Man captures time in a bulb

Local clock and watch connoisseur Elmer Westerman had his own bright idea when it came to making unusual timepieces.

?My hobby has always been clocks and watches,? Westerman said. ?I thought one time, ?If people put boats in bottles, why not attempt to put a clock in a light bulb???

That?s right. Westerman, who has lived in Hillsboro 15 years after living in the Chicago area for 30, has found a way to build a two-faced clock inside an 1,000-watt light bulb. This project has been 17 years in the making.

?When I was in the Chicago area, I spent time riding the train from our home in the suburbs to downtown Chicago,? Westerman said. ?So I sketched things, made initial drawings and so forth and in fact started on it in 1994.

?So I was on track with sketches and things to figuring out how to get this inside a light bulb because there?s a one inch in diameter hole that everything has to fit through.

?That?s when I determined it was feasible.?


He finally managed it, Westerman said, by rolling the clock dials to fit through the narrow neck of the light bulb. The dials then sprang back into shape once inside the bulb.

Despite the fact that Westerman has been carefully planning this project for years, it was only this past month he decided it was time to put it all together.

Westerman said it was quite a trick trying to find a proper light bulb.

?After visiting almost all of the tall buildings in downtown Chicago, in an effort to find a 1,000-watt light bulb, I found that most of the tall buildings had converted to more energy efficient lighting,? Westerman said. ?That is, except for the Lyric Opera House.?

Westerman became friends with the ticketmaster, who was eventually able to supply him with the needed size of light bulb.

?I like to do something different and unique,? he said.

The light bulb clock isn?t the only unusual timepiece in Westerman?s possession.

He built a clock in the shape of a lighthouse, made from stained-glass. A light flashes in the top and the dome rotates to show the time.

Westerman also built a bookend clock by cutting a mantel clock in two. Each half of the clock face is set to show the correct time, no matter how many books are placed in between.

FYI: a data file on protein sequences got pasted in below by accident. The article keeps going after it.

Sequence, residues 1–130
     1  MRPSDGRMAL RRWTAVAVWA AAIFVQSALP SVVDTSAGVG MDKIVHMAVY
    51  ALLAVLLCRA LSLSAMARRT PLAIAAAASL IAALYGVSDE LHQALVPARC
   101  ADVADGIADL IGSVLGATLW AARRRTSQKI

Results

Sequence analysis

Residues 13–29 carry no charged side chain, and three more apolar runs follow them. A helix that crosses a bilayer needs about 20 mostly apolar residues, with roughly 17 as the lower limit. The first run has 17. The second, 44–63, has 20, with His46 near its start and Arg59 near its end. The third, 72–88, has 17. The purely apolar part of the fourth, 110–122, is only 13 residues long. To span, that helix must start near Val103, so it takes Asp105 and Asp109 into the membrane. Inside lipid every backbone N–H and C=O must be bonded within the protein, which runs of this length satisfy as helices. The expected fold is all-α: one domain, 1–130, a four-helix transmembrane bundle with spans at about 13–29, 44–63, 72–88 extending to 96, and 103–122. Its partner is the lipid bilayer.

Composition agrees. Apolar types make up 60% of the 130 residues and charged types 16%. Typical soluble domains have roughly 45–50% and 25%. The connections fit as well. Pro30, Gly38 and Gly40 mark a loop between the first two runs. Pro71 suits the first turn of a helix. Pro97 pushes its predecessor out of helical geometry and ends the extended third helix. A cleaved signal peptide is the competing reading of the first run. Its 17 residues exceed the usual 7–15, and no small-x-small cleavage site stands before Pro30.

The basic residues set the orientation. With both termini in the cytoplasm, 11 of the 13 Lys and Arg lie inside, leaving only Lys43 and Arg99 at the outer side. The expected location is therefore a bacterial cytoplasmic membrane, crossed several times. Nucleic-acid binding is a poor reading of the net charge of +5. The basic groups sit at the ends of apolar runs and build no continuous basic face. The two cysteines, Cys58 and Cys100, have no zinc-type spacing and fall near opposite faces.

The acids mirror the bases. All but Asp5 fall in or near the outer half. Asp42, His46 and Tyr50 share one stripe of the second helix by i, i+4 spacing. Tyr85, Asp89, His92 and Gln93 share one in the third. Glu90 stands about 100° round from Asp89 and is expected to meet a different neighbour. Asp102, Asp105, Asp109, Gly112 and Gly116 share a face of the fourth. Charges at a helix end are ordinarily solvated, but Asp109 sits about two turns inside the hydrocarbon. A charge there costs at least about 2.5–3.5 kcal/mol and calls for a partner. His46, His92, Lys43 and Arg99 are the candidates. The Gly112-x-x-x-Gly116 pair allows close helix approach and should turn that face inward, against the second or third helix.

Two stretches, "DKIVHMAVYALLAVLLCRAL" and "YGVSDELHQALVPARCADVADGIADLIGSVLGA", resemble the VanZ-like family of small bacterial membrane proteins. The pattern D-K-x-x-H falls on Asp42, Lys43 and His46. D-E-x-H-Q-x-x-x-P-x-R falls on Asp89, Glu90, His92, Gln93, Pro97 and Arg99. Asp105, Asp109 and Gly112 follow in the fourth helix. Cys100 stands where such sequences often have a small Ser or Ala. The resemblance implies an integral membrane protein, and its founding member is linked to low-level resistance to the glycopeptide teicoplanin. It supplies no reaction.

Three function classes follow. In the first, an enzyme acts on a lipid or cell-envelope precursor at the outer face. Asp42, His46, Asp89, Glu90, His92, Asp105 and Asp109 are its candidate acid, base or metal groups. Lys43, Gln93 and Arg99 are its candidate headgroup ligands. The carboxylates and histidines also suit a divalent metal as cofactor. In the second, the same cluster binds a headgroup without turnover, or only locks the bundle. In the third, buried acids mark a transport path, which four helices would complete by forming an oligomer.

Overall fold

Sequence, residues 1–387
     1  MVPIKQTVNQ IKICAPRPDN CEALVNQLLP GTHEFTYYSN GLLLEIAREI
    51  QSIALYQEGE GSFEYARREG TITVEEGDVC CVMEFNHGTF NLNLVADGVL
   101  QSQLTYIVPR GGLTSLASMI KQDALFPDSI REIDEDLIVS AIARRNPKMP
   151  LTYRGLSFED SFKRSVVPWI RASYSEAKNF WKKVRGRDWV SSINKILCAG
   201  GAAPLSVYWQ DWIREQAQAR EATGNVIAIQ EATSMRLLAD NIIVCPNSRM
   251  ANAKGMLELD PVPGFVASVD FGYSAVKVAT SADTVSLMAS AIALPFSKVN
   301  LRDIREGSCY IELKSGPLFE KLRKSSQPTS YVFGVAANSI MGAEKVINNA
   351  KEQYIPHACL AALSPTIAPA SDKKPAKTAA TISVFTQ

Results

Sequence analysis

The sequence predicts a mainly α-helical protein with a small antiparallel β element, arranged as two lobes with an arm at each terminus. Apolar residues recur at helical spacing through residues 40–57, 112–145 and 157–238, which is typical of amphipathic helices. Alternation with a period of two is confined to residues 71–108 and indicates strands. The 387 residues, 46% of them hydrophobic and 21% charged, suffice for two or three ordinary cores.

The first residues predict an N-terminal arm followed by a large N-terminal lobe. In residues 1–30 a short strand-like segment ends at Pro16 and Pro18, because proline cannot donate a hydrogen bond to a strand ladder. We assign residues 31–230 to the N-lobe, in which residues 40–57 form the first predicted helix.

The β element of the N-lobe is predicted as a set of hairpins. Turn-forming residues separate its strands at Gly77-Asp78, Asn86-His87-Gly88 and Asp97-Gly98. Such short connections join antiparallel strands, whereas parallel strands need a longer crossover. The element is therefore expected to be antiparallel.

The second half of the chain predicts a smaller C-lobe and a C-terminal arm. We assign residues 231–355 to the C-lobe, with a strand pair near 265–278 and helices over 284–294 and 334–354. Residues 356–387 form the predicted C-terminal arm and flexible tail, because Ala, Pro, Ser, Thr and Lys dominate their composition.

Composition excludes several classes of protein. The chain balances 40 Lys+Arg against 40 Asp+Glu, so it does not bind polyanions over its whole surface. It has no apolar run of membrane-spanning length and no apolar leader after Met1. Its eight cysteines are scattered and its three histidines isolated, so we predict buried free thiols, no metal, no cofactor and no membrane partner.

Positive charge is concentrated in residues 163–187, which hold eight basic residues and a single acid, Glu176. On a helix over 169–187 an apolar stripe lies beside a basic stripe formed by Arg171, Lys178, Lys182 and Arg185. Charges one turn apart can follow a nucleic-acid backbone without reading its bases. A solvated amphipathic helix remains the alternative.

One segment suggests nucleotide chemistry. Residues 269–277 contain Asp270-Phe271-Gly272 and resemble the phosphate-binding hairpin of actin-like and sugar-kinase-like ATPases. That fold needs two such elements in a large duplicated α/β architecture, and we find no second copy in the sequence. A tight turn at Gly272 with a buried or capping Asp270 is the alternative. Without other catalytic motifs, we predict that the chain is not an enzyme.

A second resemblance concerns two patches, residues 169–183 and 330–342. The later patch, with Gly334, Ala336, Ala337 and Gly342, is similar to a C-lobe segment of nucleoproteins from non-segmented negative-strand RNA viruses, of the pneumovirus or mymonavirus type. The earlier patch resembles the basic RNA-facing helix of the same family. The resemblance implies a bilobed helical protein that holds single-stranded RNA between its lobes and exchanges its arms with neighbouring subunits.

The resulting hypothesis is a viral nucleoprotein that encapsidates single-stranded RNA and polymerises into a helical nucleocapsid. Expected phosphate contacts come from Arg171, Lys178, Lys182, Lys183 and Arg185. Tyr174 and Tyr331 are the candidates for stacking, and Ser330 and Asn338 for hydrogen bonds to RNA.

That clock took first place as the most unusual clock in the national Klockit contest, sponsored by a leading supplier to clockmakers.

Westerman also owns watches from the 1700s and a chronometer used in World War II.

His first forays into clockmaking and repair work began when his wife?s uncle gave him a car clock that the local repair workers said was not worth fixing.

?I?went to the library and checked out a book,? Westerman said. ?I determined what must be wrong, and I repaired it and it?s still running today.?

Westerman?s interest in making and repairing timepieces, however, goes much further back.

?My dad took a pocketwatch to the local watch repairman, and Mr. Timmerman only had one arm,? Westerman said. ?And he would repair pocketwatches. He had an apparatus set up so he could operate the vices and so forth.

?He would jokingly say, ?Well, when you?ve got two hands, one of them gets in the way.? He did a great job, and I guess it sort of gave me an interest in it.

?I thought, ?If he could do it with one arm, maybe I could do it.??

Although he has had extensive experience repairing and making timepieces, Westerman said the light bulb clock is probably the one most meaningful to him.

?It was a genuine challenge,? he said. ?Actually trying to determine how I would get a circular dial through that hole.?

What will be Westerman?s next project?

?I like to do things that are out of the normal,? he said. ?I?ll probably try to find some other challenge.?

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